Chapman to launch School of Communication – New school to open in the fall New school to open in the fall


Communication science touches nearly every moment of our lives, from the health information on our cereal box to the “Was this review helpful to you?” query that pops up when we indulge in a bit of late- night shopping on Amazon.

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Lisa Sparks, Ph.D. to be inaugural dean of School of Communication

Now the research, scholarship and practical applications of that science will be at the hub of a new School of Communication, which launches this fall at Chapman University. Professor Lisa Sparks, Ph.D., was appointed inaugural dean by President Jim Doti after a unanimous faculty vote.
The school positions Chapman as a leader in communication research and a home for career-focused training for students entering a variety of fields where the management, sharing and understanding of information is key.
“The discipline of communication science is strongly focused on students,” Sparks says. “We give them skills in oral and written communication, quantitative reasoning and cultural competence. These are the things the U.S. Department of Labor consistently says students need in the workplace.”
The new school will initially offer three academic programs – Bachelor of Arts in Communication Studies, Bachelor of Arts
in Strategic and Corporate Communication, and Master of Science in Health and Strategic Communication. All were previously in the Department of Communication Studies in Chapman’s Wilkinson College of Arts, Humanities, and Social Sciences. Communication Studies is the second most popular major at Chapman, behind business administration.
Graduates of the programs typically enter fields related to commerce, strategic communication, public opinion, health behavior, campaigns, marketing, public relations and advertising.
As a separate school, the new School of Communication can put more energy into the applied research conducted by faculty, whose expertise range from health communication between patients and providers to issues of trust in online messaging. Such research is critical in a knowledge-based economy increasingly driven by Internet communications and interactions, says Sparks, whose published work spans more than 100 research articles and scholarly book chapters. She is the author or editor of more than 10 books on communication, health and aging.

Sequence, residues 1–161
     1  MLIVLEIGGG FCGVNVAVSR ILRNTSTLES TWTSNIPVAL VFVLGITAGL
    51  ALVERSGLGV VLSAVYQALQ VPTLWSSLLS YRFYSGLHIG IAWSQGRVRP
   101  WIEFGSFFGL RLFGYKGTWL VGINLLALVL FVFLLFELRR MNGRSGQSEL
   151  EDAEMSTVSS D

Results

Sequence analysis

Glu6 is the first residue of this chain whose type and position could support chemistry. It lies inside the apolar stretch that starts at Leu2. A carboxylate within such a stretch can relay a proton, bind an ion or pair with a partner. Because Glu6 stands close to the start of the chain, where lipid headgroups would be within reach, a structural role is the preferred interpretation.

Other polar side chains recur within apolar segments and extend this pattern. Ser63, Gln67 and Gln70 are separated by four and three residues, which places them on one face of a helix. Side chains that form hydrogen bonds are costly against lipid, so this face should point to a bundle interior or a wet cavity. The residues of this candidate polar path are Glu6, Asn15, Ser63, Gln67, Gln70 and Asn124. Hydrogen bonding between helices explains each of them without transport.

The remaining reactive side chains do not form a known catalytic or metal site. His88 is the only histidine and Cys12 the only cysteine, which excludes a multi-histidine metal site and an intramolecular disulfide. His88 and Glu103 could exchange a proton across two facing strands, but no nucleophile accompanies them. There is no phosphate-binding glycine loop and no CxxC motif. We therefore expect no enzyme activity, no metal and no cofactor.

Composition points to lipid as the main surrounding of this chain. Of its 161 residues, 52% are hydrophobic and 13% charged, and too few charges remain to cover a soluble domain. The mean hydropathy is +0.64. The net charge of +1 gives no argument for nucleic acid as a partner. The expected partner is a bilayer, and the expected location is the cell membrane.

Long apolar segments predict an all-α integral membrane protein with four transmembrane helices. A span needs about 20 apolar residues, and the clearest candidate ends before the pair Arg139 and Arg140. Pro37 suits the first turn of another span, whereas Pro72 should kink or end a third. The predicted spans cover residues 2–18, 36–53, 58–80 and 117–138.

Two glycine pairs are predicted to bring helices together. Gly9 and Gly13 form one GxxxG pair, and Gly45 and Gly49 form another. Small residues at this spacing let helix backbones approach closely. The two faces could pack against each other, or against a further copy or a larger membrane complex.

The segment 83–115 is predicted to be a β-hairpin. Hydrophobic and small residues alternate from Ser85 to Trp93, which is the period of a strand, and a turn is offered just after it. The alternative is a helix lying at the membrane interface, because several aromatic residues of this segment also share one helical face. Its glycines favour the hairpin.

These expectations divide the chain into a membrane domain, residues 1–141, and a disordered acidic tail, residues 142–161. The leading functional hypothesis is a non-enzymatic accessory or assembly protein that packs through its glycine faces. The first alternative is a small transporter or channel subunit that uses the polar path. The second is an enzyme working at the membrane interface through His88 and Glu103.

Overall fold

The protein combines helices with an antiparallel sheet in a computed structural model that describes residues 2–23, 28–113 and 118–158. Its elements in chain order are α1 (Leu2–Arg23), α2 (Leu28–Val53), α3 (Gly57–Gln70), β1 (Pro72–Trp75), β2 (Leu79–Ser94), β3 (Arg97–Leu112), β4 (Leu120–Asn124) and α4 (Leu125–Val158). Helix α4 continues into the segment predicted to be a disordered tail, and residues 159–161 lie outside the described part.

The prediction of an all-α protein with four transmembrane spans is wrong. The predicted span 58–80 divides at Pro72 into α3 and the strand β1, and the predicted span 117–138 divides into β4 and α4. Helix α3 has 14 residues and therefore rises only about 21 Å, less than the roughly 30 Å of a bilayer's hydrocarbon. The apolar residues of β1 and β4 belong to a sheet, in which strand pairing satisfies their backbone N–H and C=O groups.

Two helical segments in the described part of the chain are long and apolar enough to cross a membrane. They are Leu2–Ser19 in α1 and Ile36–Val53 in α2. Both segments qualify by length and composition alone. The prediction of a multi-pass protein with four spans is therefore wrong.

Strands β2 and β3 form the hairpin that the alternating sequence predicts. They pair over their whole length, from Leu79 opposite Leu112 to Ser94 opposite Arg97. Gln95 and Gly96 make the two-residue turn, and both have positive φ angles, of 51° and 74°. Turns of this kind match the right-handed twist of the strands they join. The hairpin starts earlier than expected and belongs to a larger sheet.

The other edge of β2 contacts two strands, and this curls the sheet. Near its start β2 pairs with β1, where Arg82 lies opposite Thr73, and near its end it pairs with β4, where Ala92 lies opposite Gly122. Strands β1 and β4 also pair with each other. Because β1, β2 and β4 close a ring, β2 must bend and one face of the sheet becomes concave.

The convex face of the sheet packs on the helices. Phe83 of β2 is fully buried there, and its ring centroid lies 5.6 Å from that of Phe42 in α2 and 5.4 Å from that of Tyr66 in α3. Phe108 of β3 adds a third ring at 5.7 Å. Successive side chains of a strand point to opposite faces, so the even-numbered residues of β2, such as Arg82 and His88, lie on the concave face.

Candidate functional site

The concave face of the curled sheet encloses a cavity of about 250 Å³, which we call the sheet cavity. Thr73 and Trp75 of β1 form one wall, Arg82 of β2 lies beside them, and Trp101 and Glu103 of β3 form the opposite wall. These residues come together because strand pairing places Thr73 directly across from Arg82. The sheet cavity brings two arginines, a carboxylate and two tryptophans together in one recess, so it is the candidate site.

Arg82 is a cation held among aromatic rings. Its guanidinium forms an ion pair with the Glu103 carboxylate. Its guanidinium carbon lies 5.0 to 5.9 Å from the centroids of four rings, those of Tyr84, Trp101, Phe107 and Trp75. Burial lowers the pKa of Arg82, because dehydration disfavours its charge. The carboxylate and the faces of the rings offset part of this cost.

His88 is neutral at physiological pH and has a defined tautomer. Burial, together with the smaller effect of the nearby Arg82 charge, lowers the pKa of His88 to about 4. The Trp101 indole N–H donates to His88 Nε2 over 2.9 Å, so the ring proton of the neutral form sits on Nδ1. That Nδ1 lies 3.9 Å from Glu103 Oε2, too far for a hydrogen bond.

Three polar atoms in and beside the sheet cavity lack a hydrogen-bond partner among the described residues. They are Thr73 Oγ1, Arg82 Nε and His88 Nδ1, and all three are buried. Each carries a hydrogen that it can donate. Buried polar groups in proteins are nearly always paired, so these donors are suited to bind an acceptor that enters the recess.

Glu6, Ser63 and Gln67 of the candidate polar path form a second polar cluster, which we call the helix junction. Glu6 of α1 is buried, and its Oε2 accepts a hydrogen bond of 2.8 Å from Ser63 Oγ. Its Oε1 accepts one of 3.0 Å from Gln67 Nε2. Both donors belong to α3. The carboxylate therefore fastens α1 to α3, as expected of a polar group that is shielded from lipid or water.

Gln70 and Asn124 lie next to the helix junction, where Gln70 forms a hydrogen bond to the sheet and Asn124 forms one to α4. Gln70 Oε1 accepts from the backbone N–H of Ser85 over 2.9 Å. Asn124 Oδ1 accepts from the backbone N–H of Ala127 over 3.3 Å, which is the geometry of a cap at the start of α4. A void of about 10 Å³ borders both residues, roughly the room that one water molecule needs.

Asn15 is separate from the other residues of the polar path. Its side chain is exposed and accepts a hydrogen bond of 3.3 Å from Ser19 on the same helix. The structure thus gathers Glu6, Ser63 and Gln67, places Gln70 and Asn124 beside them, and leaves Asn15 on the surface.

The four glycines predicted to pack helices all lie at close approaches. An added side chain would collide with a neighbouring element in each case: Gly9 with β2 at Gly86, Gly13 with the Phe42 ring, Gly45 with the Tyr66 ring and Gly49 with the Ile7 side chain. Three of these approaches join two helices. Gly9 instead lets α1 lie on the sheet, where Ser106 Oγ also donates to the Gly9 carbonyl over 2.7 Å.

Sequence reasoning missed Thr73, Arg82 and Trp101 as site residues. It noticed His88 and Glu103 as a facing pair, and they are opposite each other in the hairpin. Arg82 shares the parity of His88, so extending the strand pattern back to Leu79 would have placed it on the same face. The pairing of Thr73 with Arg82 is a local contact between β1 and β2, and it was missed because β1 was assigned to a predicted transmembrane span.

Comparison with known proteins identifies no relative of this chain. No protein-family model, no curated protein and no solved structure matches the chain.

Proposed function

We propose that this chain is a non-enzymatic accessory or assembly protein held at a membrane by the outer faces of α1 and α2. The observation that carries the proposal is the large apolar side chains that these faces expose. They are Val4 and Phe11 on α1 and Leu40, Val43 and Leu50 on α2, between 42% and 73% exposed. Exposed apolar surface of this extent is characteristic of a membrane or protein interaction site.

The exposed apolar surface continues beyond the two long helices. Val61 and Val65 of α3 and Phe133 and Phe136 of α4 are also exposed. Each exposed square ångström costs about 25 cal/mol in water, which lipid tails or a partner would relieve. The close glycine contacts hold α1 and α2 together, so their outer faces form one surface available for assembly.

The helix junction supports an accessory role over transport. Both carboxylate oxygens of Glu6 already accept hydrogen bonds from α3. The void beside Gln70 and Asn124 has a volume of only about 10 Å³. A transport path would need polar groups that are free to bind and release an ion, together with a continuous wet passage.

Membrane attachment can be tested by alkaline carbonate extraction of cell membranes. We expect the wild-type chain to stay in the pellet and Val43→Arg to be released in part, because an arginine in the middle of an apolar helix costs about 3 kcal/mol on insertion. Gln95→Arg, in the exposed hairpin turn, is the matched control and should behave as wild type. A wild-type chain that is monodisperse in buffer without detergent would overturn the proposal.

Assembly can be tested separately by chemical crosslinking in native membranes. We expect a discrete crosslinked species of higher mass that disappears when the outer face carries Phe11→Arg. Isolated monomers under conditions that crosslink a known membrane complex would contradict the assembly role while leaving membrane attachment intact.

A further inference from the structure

“We’re about evidence-based scholarship that solves a set of problems and provides solutions for companies and organizations,” she says.
Toward that goal, several new faculty members will join the University this fall.

“We’re about evidence-based scholarship that solves a set of problems,” says Lisa Sparks, Ph.D., inaugural dean of the new School of Communication.

Eventually the school will build more graduate programs as well, she says.
Sparks also looks forward to productive partnerships between the new school and other academic units at Chapman, including Dodge College of Film and Media Arts, Wilkinson College, Crean College of Health and Behavioral Sciences, the School of Pharmacy, the College of Educational Studies and Argyros School of Business and Economics.

“The study of communication is applicable to many, many fields, from public relations and advertising (housed in Dodge College) to health and medical professions (Crean College and School of Pharmacy) to education and business,” Sparks says.

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